While in Prague, Sydney had the opportunity to go to school with Nate from our hosts Global Nomad Family. Jason and I were suddenly faced with a childfree day. Hmm…so much to see and so little time. What to do? So after dropping Sydney off at school, we wandered over to the Old Town Square for a pick me up coffee and to figure out what we were going to do with our free day. Sipping our coffee and consulting our trusty guidebook we decided that the Communist Museum looked intriguing and would probably not be interesting to Sydney. But since we were already in the Old Town Square, we decided we at least aught to stay until the Astronomical Clock chimed on the hour.
As the hour came near and after enjoying an overpriced café latté, we ambled over to the clock. We happened to place ourselves near a tour group and a guide wearing a bright green t-shirt. The guide was actually speaking English. Listening in we found the guide to be humorous, while providing some interesting history about the clock. Did you know that just below the clock is the list of approved child names still used today for the Czech Republic? Any child born in the Czech Republic must be named from that list. After the clock chimed on the hour and Death did his little dance, the guide announced that he was providing a free walking tour of Prague. So we decided to join the group just for a ½ hour and then we would depart for the Communist Museum.
However, after the ½ hour we found it was just too interesting to leave and decided to stay for the rest of the tour. I am so glad that we stayed, as we got to see many of the famous sites of Prague such as the Powder Tower, Tyne Church and the Jewish Quarter and we learned a little history along the way. For example, the previous day Jason had pointed out a sculpture that looked like a giant Metronome on top of a hill. We were baffled by it. During our walking tour, the guide verified that it was indeed it was a giant metronome. Previously, a statue of Stalin stood atop that hill, which was blown up in 1962. He explained that the metronome was placed there to replace the statue of Stalin after the fall of Communism in 1989. It symbolizes the time lost under Communism and how the Czech Republic is now springing toward the future. Wow! This is probably something I would not have learned if I had not gone on the walking tour.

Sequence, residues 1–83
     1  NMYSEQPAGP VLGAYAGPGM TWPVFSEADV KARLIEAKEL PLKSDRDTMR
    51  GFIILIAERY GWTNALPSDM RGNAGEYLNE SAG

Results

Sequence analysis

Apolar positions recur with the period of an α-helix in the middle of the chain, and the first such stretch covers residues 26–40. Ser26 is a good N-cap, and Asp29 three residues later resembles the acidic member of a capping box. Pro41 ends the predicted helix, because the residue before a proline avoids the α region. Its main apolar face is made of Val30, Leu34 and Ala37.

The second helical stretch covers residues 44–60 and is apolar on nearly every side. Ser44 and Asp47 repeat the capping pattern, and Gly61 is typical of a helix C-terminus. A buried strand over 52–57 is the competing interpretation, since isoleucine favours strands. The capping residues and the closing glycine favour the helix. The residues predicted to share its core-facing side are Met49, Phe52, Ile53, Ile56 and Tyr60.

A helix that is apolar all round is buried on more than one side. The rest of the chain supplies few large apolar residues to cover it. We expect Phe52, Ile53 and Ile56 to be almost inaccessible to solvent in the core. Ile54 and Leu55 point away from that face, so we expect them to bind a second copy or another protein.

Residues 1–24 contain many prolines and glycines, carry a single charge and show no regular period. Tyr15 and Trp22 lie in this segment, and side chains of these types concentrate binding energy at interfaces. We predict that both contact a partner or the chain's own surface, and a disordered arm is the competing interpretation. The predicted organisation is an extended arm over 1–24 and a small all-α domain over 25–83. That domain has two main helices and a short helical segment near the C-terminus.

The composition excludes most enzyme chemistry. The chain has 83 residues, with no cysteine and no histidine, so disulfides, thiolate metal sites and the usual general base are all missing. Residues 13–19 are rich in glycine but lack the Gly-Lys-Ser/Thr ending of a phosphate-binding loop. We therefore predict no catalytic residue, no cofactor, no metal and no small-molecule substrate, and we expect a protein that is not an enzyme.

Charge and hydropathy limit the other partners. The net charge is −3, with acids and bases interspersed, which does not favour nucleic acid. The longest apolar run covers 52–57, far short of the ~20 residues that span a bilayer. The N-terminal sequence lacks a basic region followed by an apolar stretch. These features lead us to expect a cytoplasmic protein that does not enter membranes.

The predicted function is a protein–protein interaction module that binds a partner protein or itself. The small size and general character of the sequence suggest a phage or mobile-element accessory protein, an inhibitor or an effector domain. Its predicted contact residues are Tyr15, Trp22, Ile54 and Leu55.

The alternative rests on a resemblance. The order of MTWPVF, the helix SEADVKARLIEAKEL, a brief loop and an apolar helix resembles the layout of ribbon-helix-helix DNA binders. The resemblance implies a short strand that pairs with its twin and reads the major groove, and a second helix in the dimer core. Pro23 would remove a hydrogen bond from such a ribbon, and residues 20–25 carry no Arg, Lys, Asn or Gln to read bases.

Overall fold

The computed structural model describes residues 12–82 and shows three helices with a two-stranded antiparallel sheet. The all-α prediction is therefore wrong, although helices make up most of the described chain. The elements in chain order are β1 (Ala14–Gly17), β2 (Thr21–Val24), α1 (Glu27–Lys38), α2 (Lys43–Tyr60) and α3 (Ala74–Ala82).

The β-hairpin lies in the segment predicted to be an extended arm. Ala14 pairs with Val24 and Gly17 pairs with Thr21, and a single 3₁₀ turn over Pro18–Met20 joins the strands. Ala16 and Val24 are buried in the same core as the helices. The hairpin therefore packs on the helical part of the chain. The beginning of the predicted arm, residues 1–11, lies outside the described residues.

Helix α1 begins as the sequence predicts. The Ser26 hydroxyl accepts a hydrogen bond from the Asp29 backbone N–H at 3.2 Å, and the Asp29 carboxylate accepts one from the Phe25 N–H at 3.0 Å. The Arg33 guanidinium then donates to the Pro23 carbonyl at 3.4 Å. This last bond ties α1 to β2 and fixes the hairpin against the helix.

You may be wondering was the free walking tour really free? Yes, it really was free. The guide Keith asked for a tip at the end but only if we felt like he had done a good job. We did give him a tip, because we enjoyed the walking tour so much and we came away with a better understanding of the history of the city.
So, if you are interested in learning a little about the city of Prague this is a great low cost option. The free walking tour meets at the Astronomical Clock every day at 10 am rain or shine and lasts for about 2 ½ hours. There is also another free walking tour about Prague Castle that leaves from the Astronomical Clock at 2 pm daily. If you take the opportunity to do the free walking tour, you will not be disappointed.